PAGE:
How Tall Should A Firewood Chopping Block Be?

It is a matter of personal preference. But if I were to put out a number, it would be about 16 inches (40.7 cm) long.

16 inches is the standard round size (this is a term for logs that have been cut to size; the wood you’ll actually split). So all you would really need to do is pick out one that is big enough.

Gnarly, twisted and otherwise hard to split wood makes best chopping blocks, as it can withstand the ever so often glance of the maul, and general wear and tear.

Having said all that, and as I mentioned in the first paragraph, the actual height much depends on ones wants and needs.

But I think we should begin this battle of opinions by talking whether you need a splitting block at all to begin with.

Chopping block or no chopping block? That is the question

You don’t need to use a wood splitting block to process firewood.

In this case, what many choose to do instead is work the rounds right where they sit on the ground.

Rounds of wood

Firewood” by Mom the Barbarian is licensed under CC BY 2.0

Why would a person do this instead? Well, what this achieves is, what we call in the wood burner community, removes a touch.

You should, in a perfect world, try to touch wood as little as possible in your whole firewood process, from begging to the stove.

And not needing to lift a round to place on a chopping block removes that so called touch.

Sounds a bit smart, I know, but think about it this way – why do all that lifting when you can leave the wood where it stand and do essentially the same thing?

Then you have to consider the pieces that go off to the sides when, let’s say, you halve a round. You have to then take those pieces, put ’em up on the splitting block and have at it again. Seems like too much bending and lifting to me.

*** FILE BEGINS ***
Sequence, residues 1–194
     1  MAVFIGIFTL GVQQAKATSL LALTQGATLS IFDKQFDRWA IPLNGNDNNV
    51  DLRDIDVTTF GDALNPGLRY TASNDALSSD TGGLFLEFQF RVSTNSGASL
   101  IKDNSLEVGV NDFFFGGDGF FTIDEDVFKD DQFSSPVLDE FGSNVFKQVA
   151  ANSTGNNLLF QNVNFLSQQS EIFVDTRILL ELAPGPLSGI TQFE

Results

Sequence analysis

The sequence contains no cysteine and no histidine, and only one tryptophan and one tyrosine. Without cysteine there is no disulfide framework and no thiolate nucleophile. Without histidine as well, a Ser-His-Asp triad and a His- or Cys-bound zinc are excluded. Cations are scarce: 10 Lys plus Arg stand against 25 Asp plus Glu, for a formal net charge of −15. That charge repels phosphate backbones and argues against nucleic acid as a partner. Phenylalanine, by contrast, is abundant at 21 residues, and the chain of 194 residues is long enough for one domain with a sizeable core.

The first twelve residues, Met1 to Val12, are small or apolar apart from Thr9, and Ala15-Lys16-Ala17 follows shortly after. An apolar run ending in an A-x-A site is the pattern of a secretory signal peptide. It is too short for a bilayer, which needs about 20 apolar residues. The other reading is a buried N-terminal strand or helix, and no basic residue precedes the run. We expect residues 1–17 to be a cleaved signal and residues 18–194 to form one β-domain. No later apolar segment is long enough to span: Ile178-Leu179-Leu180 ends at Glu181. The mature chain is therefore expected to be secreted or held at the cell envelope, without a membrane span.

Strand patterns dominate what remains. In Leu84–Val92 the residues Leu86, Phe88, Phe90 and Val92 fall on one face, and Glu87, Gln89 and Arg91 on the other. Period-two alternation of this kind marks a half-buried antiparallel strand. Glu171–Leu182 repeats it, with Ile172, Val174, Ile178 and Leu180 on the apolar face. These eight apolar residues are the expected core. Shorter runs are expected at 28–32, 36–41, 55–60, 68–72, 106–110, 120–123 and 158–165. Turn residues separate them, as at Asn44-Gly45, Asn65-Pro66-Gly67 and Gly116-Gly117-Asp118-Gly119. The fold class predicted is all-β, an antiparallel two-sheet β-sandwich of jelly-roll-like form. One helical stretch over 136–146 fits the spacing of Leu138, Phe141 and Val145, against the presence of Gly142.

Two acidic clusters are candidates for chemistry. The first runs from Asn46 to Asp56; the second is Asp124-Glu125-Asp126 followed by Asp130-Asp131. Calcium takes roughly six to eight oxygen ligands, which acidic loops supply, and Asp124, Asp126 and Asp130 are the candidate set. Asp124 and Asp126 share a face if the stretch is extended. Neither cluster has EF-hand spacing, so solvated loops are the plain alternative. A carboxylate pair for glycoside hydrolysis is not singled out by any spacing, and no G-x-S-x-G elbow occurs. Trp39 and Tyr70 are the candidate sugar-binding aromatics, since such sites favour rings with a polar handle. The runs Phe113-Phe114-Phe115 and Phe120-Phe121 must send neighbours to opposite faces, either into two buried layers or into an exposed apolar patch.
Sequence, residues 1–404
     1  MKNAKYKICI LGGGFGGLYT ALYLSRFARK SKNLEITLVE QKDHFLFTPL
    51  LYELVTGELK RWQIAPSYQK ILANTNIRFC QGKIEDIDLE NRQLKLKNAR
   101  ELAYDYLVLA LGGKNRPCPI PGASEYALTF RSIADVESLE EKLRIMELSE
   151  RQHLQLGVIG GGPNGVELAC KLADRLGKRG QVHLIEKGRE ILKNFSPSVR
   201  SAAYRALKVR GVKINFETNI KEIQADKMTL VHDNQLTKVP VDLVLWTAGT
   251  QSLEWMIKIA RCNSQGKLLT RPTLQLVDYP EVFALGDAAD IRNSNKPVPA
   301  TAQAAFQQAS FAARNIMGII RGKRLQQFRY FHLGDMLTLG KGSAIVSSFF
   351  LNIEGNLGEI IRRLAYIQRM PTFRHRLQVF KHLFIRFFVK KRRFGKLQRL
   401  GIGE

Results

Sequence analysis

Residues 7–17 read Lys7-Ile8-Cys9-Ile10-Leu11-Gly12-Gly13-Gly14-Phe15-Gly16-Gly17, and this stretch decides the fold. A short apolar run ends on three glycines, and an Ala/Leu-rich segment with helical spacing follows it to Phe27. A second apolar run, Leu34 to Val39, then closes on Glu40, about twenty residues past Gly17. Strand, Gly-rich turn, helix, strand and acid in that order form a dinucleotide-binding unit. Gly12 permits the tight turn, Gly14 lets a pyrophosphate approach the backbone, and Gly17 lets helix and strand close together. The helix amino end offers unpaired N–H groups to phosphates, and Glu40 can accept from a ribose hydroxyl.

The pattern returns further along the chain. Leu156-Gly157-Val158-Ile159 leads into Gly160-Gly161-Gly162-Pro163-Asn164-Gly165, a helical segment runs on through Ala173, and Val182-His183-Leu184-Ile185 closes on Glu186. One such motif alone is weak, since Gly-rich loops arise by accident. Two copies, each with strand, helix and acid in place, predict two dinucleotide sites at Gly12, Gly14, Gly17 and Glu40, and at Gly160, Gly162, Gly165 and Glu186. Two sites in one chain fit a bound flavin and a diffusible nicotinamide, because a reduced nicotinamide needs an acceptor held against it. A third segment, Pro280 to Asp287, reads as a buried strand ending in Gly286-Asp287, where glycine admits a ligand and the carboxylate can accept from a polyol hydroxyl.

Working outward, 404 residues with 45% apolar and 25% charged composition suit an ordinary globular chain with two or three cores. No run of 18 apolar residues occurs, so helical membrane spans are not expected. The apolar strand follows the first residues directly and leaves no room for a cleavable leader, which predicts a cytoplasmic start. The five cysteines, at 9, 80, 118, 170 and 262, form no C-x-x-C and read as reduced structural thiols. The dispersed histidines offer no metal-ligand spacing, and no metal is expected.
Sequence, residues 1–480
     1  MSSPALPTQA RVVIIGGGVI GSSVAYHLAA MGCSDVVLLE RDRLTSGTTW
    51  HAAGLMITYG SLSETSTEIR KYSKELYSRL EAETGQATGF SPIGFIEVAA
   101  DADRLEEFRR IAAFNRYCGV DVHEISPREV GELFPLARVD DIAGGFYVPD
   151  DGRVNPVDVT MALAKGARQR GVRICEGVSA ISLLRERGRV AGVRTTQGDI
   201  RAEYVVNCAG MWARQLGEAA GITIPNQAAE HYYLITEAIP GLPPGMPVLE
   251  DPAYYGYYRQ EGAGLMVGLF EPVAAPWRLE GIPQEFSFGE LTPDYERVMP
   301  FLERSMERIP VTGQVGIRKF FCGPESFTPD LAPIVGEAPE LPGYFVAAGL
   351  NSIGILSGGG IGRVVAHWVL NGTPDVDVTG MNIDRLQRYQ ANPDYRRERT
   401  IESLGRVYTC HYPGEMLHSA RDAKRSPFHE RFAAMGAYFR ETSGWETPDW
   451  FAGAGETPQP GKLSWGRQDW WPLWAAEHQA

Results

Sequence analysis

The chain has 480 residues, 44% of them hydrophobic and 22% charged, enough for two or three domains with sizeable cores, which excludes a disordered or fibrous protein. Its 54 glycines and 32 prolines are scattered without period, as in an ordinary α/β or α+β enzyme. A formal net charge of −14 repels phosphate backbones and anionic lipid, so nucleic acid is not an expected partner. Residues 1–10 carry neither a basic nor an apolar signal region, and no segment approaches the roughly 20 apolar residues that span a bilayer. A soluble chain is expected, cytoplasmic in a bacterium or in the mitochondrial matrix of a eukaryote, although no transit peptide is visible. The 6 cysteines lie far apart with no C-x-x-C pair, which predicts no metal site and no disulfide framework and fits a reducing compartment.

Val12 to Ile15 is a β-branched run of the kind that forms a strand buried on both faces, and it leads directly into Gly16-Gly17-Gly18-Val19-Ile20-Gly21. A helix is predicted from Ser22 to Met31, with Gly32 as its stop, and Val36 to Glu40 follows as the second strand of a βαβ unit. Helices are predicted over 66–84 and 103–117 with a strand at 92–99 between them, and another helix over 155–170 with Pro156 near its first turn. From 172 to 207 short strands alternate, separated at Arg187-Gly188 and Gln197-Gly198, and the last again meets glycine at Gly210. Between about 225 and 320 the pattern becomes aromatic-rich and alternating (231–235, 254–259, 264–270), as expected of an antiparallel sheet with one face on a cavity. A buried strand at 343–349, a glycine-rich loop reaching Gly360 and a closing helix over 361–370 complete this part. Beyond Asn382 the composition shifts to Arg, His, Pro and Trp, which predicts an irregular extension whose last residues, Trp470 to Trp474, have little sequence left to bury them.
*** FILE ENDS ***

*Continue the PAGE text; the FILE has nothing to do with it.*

When you halve a round when it’s on the ground already, sure you may need to reach in to prop the pieces that went to the side (unless you use the tire method), but you can easily do that with something like a hookaroon.

And let’s not even get started on the fact that some wood rounds may be just too heavy to lift on a chopping block to begin with, so the only option left becomes chopping it up on the ground anyway. Certainly something to think about.

More force?

But wait, there’s more. The icing on the cake, I think, is the extra travel distance your splitting maul, axe or what have you gets from splitting those rounds on solid ground.

And yes, we could delve into long winded conversations about how its actually the opposite – the ground does seem to suck up more of the impact than the wood when you split it without the use of a chopping block.

Look, I’m not a scientist to put this theory to the test, but at times I did whack my wood right where it sit on the ground, I did have more of a pop to my swing.

Doesn’t come without drawbacks

When you swing a maul without a round underneath, you will end up running it into the ground more often – this happens when it goes through like butter and digs into the soil, glances off and does the same thing, etc.

This will inevitably dull the edge quicker. But it doesn’t have to be that sharp to begin with – you’ll just have to hit it with a file every so more often. Good thing I’ve written a blog post about the exact same thing.

Another thing to think about is the soil quality. If it’s muddy, the rounds are going to end up getting messy, burying into the ground and becoming hard to work with. Not too much of a problem if you aren’t afraid of getting a little dirty, if you ask me.

Why not both?

So if having a longer swing is seemingly a better idea, though having a solid base is too, why not combine these things into one?

Shorten a chopping block to about 8 inches, and you have best of both worlds, well, in terms of range of motion.

You’ll still need to pick up a round of your choice to place on a block, it’s just now you will have more of a swing behind it.

With that said, I’ve read of a few people who cut a stump very close to the ground and used that as a “chopping block” instead.

Best of both worlds if you ask me, but not a possibility for most of the folks out there.

A chopping block is always a good idea when you have to work with smaller in diameter firewood.

Small rounds, if you can call them like that, are hard to split without a solid underneath. So really, that’s the perfect example of when having a proper block at hand is not that bad at all.

Or you halve a bigger round or so and want to divide the rest of those pieces up – then placing all that on a stable chopping block will make easy work.

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